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Beginners Guide to .gitignore file with Example

           
 AUGUST 6, 2019   by iamabhishek

While working with git repositories there are some files which we don't want to push or pull even though it has changes which are not staged/committed for example files like database configuration file (which can be different for your local setup), properties file or any other configuration file.

There are 3 different ways in which we can specify files for Git to ignore, they are:

  1. By adding a local .gitignore file

  2. By creating a global .gitignore file for all of your local repositories

  3. By specifying explicit repository exclude rules

We will cover all the 3 approaches one by one while explaining which one is the right approach for which situation along with some samples.

Beginners guide to .gitignore file




Local/shared .gitignore file

You can define a .gitignore file in the root of your repository or can have directory level .gitignore file for every directory in your repository. You can push your .gitignore file to your branch and the same file can be pulled by your teammates too. Generally files like db configuration (which can be different on your local setup), properties file or other configuration files should be included in .gitignore file.

Also, always try to use patterns while defining rules for ignoring files in your .gitignore file.




Global .gitignore file for all local repositories

You can define rules for all your local git repositories if you work with multiple git repositories on your local system, using the GIT core.excludesFile property. You can specify this property in a .gitignore file which you can keep in the folder where all your git repositories are. Once you have created the .gitignore file and defined the rules in it which you want to be applied for all your local git repositories to not commit/stage/push changes made in some files (as per .gitignore file), you need to run the following command to set your .gitignore file as the global .gitignore file for all your local repositories.

git config --global core.excludesFile <PATH TO .GITGNORE FILE>

You must use the global .gitignore file with extra care. Generally, it is suggested to keep OS specific files, temporary created files by IDE etc in global .gitignore file.




Personal Git ignore rules

If you want to define some rules for a repository and do not even want to include those patterns in the shared .gitignore file which is also version controlled as part of the repository, in that case, you can specify explicit exclude rules for the repository. You can set these patterns for ignoring certain files in the .git/info/exclude file in the repository. These patterns/rules are not version controlled or shared with your team.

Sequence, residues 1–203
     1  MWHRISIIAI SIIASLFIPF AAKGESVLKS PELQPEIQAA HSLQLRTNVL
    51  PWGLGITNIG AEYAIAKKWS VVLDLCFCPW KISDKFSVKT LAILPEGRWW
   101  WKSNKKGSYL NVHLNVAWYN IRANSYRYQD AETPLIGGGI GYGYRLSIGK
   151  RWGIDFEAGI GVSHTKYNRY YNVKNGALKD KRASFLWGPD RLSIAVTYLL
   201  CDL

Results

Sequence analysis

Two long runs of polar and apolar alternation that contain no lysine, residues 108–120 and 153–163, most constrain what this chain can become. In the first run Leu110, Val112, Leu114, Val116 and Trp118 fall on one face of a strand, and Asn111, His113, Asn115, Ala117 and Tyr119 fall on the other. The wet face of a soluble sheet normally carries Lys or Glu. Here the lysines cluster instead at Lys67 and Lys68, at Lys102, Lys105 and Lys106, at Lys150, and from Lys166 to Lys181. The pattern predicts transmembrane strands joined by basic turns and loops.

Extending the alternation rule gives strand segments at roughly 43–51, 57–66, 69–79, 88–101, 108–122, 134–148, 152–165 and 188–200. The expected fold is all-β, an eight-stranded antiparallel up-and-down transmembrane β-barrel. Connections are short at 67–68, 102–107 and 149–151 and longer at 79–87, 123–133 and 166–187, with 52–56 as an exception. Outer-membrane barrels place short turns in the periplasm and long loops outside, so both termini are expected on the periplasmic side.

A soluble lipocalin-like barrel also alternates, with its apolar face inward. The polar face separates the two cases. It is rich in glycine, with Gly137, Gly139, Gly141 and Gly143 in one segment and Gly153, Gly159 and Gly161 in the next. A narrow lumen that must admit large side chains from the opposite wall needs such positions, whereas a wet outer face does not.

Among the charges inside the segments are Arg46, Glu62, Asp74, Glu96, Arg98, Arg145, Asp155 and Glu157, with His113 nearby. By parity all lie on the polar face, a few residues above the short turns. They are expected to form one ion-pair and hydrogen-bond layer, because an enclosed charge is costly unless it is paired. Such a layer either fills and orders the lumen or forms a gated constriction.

You can keep some local settings which you use while development like logger settings or may be configuration for your working directory etc.

So these are the 3 different ways in which you can define rules/patterns to not include certain files matching these rules while commiting/staging/pushing changes to the repository.




How to ignore an already committed file?

Once a file is committed it becomes a part of the repository and will be cached and cannot be ignored. So to ignore such files you first need to remove them from the repository only then they will not get picked up for commit/staging/push to repository. Now there are multiple ways to do that. Simplest one being, delete the file from repository, commit and push the changes. Then create a new rule for ignoring that file locally in your .gitignore file and then again create the file in your working directory.

Well, there is a simple way too, run the following command:

git rm --cached <FILE NAME>

Running the above command will remove the File with name <FILE NAME> from your repository but the file will remain in your working directory.




Commit a previously ignored file

If you had a file ignored earlier and now wish to commit it, you can do so by using the force option with git add command. Let's take an example to understand this, if we have a file say xyz.txt which is included in .gitignore file and now has to be removed from it and has to be commited to the repository, then you can runt he following command:

git add -f xyz.txt
git commit -m "Force adding xyz.txt"

Running the above command will forcefully add the ignored file to your repository. After doing so, you should also remove the ignoring pattern/rule from your .gitignore file.




Conclusion

.gitignore files are useful and must be utilized for avoiding local system specific changes to get pushed to the repository which can lead to errors or misconfiguration for other team members or may be the live production code. Feel free to ask any question, if you have any.


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